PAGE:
Presenting Wisdom Wednesday: when volunteering in children homes might not be the best idea

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Are we really sure that volunteering in a children homes is in the best interest of the hosted children?

Am  I a bit provocative here?  It sounds as a great idea after all. I did that in Brazil many years ago and it was an amazing experience. At least it was for me but what about the others? What about the kids there?

At that time, did I think what those children might have thought at seeing so many foreigners coming and going after a short spell there?

I am sure there was no harm, at least, apparently, in having these kids in one of the favalas of Belo Horizonte interacting with university students from Europe.

It was certainly fun for us and also for them. Let me say that ur volunteering was pretty much structured and each of us ended up doing a precise task according to our skills.

For example I was assigned to the kitchen not because I was good at cooking but because of my presumed skills at chopping off potatoes and other vegetables. At that time I wondered if there might have been something better I could do but after all I had never worked with children, nor as a teacher nor as educationalist so at the end, the kitchen was  a fair decision taken by the volunteers supervisor in charge of dealing with all international volunteers.

Yet it is worthy think a bit. Maybe there are some deeper implications. Maybe there are deeper consequences I and thousands of other international short term volunteers never really thought of.

Maybe those kids in Brazil would have been better off with some foster parents rather than in the institution where we spent our month of “volun-tourism”, no matter how good it was (and it was indeed the best in the entire state of Minas Gerais).

For this reason we would like to invite you to undertake a reflection on the real benefits of doing volunteerism in a children home. I am not saying you should not do it but you better know some trade-offs that you might incur or inadvertently create by getting involved in such experiences.

So you will have now the opportunity to hear a different story, a well proven argument that volunteering in children homes in Brazil or Nepal is, most of the times,  not that good at all for the hosted children.

It is for this reason that “Wisdom Wednesday” was organized as an informal gathering in a pub in Thamel where, turn by turn, social worker and experts in the field, expressed their own opinions and stories about why volunteering with kids in developing countries could be actually harmful or detrimental to kids living in these institutions.

Probably a basic idea behind the initiative is that we should work to abolish and eliminate any kind of children homes, not matter how good they are. They should be thought as temporary solutions rather than permanent and lasting family replacements.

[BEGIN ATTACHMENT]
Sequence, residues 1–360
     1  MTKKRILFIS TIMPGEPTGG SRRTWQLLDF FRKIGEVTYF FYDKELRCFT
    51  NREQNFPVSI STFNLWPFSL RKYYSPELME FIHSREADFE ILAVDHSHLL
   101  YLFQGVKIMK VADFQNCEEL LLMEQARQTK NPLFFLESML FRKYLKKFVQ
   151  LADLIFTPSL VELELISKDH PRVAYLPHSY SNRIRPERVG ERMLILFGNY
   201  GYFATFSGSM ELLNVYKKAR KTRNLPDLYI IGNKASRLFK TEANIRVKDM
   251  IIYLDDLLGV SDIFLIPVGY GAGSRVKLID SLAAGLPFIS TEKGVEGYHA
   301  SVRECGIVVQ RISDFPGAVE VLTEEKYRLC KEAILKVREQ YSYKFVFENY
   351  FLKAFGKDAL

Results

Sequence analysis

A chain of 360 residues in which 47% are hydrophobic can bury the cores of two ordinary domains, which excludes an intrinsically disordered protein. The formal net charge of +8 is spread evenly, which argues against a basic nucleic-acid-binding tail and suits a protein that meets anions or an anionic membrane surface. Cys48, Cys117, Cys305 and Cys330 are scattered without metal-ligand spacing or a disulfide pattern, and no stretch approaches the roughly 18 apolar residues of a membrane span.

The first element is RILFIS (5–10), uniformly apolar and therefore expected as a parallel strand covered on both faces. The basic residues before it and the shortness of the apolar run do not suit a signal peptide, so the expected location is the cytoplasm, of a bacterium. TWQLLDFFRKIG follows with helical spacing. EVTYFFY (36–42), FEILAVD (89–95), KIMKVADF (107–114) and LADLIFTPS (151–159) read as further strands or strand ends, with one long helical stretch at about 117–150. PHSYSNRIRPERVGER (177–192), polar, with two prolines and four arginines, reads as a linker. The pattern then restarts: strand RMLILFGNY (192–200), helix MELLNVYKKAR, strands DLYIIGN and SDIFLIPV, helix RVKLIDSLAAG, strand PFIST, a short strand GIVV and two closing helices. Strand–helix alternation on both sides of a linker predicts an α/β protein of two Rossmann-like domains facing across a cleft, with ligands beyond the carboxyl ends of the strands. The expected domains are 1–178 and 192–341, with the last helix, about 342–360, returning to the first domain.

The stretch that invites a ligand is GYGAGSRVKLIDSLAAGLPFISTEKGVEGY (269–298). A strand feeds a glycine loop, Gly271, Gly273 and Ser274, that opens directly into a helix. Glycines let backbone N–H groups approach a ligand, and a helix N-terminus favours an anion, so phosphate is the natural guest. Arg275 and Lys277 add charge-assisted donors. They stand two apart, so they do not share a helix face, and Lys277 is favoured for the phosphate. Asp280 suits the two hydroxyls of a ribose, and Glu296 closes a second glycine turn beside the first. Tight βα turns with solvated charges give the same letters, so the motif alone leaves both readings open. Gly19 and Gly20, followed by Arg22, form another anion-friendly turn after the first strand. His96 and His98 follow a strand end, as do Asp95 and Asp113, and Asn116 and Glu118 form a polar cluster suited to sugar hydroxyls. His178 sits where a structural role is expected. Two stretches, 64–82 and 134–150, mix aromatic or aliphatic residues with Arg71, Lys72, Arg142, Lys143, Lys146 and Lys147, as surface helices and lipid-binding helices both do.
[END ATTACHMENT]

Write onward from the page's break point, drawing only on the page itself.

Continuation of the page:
The initiative organized by Next Generation Nepal and a group of other organizations, The Umbrella Foundation, Forget me not ,the participation of activist and writer Claire Bennet, an expert on the issue writing a book on the issue  in collaboration of the American Embassy to Nepal,  is trying to let tourists understand that volunteering with poor children is not a joke and it requires a lot of preparation and in many instances, it  can be very risky.

In most of the cases, there are real stories that show that volunteering in children homes  is not the best thing to do no matter the good intentions of the international volunteers visiting Nepal, Cambodia, Brazil or any other country with serious inequalities and serious child protection issues.

I admit it is a delicate issue where it is very difficult to find a balance. I am myself a bit torn about this.  As often happens, there are always “pros” and “cons” but I am sure that listening to the opinions of experts and practioners is the best thing to do in order to learn and make your own opinion on the issue.

So welcome to Wisdom Wednesday.

Last but not the least, a  big thank to Martin Punaks, the super active country director of Next Generation Nepal, not only a true development expert with passion and determination but also a real gentleman.

From now onwards, every Wednesday for the next month, you will hear some different stories about volunteering with children in developing countries.

Hopefully you will enjoy it and most importantly learn something.

Position: Co -Founder of ENGAGE,a new social venture for the promotion of volunteerism and service and Ideator of Sharing4Good

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